Recreation and sustainability: Q&A with Alex Accetta, director of Campus Rec, dad, husband, ally, cyclocrosser (is that a word?), spin Instructor, past DJ, Michael Franti and John Butler Trio fan, believer in the possibilities of humanity.
Many of us will purchase chocolates, flowers, and valentines to share love, friendship, and kindness on February 14. By supporting fair trade as we make purchasing decisions, we can make a positive impact for global communities and the environment. Who doesn’t love that? So what is fair trade, and what are some of its benefits?
Q&A with Pam Campos-Palma, Air Force veteran, political science student, director of Las Mujeres resource center, and sole student-voting member of PSU's newly established Institutional Governing Board of Trustees.
“Equity, diversity, and inclusion in the sustainability movement—that’s the only way I see forward,” said Marcelo Bonta, founder and executive director of the Center for Diversity and the Environment, at Portland State University last week. Speaking candidly about his own experience working in the environmental field as a man of Filipino descent, Bonta addressed issues around the lack of diversity in the U.S. environmental movement.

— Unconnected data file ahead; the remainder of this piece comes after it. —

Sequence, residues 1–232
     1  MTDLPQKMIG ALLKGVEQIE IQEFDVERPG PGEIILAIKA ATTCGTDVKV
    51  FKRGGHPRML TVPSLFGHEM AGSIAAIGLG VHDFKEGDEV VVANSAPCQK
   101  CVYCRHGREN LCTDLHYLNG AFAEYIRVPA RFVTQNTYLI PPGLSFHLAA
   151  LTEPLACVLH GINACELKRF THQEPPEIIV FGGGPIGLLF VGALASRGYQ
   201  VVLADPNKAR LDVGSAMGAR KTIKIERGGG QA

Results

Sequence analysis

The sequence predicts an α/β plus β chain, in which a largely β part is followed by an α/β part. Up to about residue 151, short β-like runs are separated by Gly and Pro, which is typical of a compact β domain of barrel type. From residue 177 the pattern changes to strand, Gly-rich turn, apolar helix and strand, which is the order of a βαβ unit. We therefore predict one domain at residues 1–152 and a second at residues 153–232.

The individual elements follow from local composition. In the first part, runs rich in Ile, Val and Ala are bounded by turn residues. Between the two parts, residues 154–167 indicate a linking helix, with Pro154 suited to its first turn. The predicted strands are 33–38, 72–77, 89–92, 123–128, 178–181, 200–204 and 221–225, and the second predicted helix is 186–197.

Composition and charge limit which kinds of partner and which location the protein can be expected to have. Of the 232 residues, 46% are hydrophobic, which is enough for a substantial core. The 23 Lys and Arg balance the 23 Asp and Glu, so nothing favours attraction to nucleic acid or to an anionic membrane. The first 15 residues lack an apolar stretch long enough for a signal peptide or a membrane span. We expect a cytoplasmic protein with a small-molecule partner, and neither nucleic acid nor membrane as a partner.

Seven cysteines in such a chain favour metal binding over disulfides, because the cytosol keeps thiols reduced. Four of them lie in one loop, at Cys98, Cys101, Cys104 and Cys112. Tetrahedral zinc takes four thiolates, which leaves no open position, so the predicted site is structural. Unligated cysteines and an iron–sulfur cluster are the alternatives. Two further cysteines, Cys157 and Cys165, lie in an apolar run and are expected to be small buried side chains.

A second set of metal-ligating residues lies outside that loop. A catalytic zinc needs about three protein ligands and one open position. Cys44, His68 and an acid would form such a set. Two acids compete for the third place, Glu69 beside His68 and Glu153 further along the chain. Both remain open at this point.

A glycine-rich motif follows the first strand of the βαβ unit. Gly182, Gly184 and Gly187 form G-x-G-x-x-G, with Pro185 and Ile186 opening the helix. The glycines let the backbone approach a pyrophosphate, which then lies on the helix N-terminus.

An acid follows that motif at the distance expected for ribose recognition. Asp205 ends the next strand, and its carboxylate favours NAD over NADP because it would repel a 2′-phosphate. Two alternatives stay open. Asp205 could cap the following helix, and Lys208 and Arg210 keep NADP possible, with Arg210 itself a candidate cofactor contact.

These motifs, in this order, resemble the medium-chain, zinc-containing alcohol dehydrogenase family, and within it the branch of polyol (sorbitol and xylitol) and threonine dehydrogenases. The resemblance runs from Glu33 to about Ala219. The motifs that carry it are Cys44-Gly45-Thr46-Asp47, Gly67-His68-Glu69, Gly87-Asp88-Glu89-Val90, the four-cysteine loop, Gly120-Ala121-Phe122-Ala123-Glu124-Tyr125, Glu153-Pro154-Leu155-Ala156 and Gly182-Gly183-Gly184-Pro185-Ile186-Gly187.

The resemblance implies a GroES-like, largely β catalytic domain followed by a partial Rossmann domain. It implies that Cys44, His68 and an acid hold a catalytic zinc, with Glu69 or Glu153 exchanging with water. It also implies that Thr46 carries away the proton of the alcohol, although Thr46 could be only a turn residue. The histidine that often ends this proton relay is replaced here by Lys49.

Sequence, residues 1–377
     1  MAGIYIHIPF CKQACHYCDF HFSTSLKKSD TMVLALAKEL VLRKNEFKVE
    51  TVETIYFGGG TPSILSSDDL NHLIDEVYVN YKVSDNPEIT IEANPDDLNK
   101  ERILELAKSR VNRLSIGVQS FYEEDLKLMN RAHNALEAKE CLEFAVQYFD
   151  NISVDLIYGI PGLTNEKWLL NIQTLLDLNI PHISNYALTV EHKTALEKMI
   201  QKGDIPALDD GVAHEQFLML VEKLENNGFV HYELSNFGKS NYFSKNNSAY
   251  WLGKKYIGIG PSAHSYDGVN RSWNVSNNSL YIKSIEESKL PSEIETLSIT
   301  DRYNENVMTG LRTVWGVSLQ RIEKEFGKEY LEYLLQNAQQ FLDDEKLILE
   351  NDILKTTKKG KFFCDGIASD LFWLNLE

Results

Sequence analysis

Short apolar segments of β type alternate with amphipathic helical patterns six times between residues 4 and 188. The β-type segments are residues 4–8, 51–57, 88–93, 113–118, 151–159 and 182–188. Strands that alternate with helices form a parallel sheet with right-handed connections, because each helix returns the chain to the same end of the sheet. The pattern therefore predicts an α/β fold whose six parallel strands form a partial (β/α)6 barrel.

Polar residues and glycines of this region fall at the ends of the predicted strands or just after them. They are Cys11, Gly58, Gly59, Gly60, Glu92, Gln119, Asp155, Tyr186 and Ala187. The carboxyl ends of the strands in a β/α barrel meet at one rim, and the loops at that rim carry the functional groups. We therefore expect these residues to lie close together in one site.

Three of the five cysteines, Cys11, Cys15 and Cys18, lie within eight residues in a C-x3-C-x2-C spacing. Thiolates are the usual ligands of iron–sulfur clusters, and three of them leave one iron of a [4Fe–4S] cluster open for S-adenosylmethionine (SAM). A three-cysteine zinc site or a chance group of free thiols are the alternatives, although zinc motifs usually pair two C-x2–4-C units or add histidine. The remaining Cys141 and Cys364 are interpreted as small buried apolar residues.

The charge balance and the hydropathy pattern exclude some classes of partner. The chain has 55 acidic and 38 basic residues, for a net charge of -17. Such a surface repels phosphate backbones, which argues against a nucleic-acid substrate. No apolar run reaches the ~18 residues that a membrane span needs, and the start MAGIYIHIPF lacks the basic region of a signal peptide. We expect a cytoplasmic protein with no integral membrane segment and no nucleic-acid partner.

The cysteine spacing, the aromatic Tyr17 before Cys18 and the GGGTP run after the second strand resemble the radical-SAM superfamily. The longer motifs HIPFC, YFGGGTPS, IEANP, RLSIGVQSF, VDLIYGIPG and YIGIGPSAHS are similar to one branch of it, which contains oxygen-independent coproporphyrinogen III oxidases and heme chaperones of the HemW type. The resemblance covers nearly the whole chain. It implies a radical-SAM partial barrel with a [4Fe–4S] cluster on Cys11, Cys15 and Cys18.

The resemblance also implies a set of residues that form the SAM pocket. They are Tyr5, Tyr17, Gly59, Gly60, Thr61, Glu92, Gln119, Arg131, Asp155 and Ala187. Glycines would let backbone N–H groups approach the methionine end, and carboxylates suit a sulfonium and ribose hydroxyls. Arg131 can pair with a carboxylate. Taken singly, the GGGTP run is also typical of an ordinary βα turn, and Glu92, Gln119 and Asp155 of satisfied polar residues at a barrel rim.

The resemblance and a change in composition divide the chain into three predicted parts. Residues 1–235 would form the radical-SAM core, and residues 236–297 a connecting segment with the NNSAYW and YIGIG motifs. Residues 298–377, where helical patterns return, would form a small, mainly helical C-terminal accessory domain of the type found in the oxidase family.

Today marks the start of the fourth annual series of events hosted at PSU as part of Social Sustainability Month (SSM). The Women’s Resource Center, Sustainability Leadership Center, and faculty from Indigenous Nations Studies and Sociology have supported this initiative from its roots as a student idea in 2010.
Economics professor Rossitza Wooster technically shouldn’t be at Portland State University today. But despite being on sabbatical, she has been on campus every day this week. Wooster and her colleague Josh Winiki are the volunteer directors of PSU’s Summer Academy to Inspire Learning (SAIL), which brings underprivileged teens to campus for a week to encourage them to complete high school and eventually succeed in college.
Students at Portland State University formed the organization Sustainability 4 All in 2011 to create a more equitable and inclusive sustainability movement. At their latest workshop in April 2013, they challenged the idea of what it means to be sustainable by asking: What's your color green?